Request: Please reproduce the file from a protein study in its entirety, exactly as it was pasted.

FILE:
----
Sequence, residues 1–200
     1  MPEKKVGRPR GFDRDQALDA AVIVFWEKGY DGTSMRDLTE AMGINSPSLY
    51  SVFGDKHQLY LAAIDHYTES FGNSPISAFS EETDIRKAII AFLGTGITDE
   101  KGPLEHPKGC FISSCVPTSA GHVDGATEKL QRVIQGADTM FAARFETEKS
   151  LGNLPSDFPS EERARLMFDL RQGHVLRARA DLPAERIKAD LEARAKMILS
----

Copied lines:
Sequence, residues 1–200
     1  MPEKKVGRPR GFDRDQALDA AVIVFWEKGY DGTSMRDLTE AMGINSPSLY
    51  SVFGDKHQLY LAAIDHYTES FGNSPISAFS EETDIRKAII AFLGTGITDE
   101  KGPLEHPKGC FISSCVPTSA GHVDGATEKL QRVIQGADTM FAARFETEKS
   151  LGNLPSDFPS EERARLMFDL RQGHVLRARA DLPAERIKAD LEARAKMILS